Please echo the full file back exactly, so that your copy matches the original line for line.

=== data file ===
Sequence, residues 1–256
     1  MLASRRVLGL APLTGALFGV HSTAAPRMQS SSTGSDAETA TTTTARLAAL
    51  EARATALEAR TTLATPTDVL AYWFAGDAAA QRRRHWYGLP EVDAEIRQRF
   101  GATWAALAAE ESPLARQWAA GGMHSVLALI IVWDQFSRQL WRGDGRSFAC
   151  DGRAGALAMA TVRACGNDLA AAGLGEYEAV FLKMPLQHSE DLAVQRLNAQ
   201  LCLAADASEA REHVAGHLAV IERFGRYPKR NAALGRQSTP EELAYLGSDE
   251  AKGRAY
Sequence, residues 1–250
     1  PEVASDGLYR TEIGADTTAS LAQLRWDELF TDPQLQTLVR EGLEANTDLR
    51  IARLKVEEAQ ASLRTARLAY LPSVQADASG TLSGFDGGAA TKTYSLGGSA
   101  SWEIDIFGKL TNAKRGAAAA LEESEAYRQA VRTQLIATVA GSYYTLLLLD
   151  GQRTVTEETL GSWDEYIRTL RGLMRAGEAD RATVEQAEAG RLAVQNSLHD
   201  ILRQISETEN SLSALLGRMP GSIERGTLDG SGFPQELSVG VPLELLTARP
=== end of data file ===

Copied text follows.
Sequence, residues 1–256
     1  MLASRRVLGL APLTGALFGV HSTAAPRMQS SSTGSDAETA TTTTARLAAL
    51  EARATALEAR TTLATPTDVL AYWFAGDAAA QRRRHWYGLP EVDAEIRQRF
   101  GATWAALAAE ESPLARQWAA GGMHSVLALI IVWDQFSRQL WRGDGRSFAC
   151  DGRAGALAMA TVRACGNDLA AAGLGEYEAV FLKMPLQHSE DLAVQRLNAQ
   201  LCLAADASEA REHVAGHLAV IERFGRYPKR NAALGRQSTP EELAYLGSDE
   251  AKGRAY
Sequence, residues 1–250
     1  PEVASDGLYR TEIGADTTAS LAQLRWDELF TDPQLQTLVR EGLEANTDLR
    51  IARLKVEEAQ ASLRTARLAY LPSVQADASG TLSGFDGGAA TKTYSLGGSA
   101  SWEIDIFGKL TNAKRGAAAA LEESEAYRQA VRTQLIATVA GSYYTLLLLD
   151  GQRTVTEETL GSWDEYIRTL RGLMRAGEAD RATVEQAEAG RLAVQNSLHD
   201  ILRQISETEN SLSALLGRMP GSIERGTLDG SGFPQELSVG VPLELLTARP